First Texas has proven itself to be a company that incorporates features that end-users can really use in the field to find more and does it in a way that does not add unnecessary weight or a sky-high price tag on all of the detectors they produce and the F44 from Fisher is no exception. With its weatherproof design, easy-to-navigate menu system and overall weight, it can be used under a wide range of conditions for extended periods of time without tiring and the optional search coils expand its versatility even further. The F44 was an enjoyable detector to use and based on the finds I made in the time available for the in-field testing, it is a detector that can run with the “big boys” and not leave the user disappointed. The Fisher F44 lists for $399 and as stated previously, now comes with the upgraded 11” Double-D search coil. It also includes the standard 5-year Fisher warranty.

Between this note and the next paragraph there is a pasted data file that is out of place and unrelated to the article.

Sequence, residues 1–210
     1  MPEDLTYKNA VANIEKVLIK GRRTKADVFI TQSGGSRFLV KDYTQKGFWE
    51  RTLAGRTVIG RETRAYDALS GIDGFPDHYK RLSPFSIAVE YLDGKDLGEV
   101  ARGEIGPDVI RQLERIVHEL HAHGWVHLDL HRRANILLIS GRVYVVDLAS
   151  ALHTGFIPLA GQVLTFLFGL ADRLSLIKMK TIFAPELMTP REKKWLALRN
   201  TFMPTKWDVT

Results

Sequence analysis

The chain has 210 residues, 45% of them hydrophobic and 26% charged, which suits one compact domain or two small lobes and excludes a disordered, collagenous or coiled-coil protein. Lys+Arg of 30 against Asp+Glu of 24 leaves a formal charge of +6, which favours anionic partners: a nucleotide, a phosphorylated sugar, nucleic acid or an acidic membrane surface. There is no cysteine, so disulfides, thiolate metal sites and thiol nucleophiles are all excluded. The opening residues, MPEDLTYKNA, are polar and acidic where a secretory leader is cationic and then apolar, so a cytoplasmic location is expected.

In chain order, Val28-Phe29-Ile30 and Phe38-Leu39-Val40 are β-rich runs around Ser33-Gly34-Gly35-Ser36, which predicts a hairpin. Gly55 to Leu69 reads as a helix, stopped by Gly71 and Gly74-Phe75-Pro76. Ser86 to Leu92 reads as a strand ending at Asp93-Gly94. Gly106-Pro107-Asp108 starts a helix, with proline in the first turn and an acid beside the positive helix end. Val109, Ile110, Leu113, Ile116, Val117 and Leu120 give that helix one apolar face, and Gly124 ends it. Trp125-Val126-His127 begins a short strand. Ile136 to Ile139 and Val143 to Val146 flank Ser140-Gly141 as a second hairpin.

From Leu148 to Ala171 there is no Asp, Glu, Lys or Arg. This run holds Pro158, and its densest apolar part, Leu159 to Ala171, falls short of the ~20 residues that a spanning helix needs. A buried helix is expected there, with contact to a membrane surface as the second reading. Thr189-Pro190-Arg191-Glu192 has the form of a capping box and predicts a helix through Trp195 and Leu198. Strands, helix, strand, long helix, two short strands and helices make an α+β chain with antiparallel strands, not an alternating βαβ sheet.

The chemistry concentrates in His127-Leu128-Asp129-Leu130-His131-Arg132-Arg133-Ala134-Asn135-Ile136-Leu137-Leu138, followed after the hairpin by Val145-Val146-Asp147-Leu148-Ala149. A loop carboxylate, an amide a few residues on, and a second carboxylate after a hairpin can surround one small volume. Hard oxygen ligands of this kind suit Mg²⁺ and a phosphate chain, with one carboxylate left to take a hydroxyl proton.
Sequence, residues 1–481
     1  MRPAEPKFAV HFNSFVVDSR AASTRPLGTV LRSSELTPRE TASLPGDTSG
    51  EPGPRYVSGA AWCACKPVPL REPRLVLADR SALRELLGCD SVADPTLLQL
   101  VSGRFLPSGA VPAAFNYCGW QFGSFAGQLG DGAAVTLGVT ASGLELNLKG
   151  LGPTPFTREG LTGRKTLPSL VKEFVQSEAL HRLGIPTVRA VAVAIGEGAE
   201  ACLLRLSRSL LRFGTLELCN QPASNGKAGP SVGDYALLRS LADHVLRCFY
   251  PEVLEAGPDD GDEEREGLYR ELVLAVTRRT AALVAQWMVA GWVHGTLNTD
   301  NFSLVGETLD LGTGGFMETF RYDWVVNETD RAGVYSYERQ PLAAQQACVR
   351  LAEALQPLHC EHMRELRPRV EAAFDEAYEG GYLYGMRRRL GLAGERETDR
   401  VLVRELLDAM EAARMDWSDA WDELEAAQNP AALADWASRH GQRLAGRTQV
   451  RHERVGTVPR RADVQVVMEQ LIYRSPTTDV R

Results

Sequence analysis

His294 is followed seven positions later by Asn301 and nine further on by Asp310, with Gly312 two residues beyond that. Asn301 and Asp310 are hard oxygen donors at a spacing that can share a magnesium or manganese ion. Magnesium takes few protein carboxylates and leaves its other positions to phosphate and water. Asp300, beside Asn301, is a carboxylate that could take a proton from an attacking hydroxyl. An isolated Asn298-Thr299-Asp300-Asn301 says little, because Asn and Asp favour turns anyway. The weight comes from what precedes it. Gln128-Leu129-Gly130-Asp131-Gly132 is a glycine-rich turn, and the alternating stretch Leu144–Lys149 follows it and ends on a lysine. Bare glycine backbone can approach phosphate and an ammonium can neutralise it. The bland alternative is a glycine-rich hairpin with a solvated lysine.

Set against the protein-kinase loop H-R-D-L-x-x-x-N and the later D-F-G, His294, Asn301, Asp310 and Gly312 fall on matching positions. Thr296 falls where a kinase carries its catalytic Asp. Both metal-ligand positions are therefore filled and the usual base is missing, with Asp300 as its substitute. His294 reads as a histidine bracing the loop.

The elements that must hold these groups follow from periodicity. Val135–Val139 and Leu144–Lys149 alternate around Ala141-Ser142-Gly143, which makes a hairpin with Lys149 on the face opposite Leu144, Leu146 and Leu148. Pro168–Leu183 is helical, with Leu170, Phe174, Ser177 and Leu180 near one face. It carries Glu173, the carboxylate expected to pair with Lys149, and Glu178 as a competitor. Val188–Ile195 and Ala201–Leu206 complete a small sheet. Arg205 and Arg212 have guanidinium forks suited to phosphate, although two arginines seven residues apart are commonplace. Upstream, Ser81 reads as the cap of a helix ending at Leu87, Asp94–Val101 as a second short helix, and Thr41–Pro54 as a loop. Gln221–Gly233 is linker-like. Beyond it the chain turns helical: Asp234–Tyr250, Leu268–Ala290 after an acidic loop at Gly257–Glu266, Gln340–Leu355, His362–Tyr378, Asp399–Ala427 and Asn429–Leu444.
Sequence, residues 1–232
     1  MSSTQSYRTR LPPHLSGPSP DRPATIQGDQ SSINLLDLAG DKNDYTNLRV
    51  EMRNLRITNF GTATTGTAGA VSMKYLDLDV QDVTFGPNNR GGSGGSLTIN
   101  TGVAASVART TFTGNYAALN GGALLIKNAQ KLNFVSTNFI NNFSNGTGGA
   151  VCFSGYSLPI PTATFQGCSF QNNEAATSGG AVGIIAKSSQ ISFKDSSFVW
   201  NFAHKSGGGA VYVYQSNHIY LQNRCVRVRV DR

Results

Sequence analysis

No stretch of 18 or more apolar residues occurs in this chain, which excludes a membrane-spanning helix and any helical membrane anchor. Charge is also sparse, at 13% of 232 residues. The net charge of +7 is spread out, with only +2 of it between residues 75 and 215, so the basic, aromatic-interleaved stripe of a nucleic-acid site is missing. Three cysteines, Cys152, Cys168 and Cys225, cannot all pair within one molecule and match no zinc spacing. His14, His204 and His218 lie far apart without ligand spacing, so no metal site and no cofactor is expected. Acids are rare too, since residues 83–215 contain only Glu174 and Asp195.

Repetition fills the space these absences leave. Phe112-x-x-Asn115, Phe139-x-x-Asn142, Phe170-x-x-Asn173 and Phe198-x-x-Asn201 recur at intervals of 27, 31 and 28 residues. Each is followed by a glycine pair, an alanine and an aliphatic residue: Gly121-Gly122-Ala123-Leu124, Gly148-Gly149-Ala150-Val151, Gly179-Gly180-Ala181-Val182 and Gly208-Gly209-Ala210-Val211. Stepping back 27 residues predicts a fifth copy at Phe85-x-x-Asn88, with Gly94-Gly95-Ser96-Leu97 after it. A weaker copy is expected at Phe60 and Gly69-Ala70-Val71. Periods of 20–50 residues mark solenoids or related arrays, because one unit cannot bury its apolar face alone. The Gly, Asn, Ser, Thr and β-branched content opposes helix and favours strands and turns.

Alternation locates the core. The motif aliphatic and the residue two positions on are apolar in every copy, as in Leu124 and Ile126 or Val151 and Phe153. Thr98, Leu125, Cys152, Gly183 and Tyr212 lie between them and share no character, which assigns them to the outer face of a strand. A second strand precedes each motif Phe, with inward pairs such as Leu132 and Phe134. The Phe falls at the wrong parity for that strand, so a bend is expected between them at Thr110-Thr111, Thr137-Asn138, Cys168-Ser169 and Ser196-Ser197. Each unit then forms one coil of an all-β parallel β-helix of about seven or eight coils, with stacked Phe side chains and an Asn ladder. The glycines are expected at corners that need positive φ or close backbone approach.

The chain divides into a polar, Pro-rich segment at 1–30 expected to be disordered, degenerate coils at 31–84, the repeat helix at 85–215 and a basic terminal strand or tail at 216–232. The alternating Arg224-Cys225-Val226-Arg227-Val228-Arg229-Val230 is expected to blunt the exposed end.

For more information about the new F44, the rest of the Fisher line or to find the name of your nearest Fisher dealer, contact the factory at 1465 Henry Brennan; El Paso, TX 79936, call them at (800) 685-55050 or visit their website at http://www.fisherlab.com. Be sure to mention you read about the new Fisher F44 in Lost Treasure Magazine.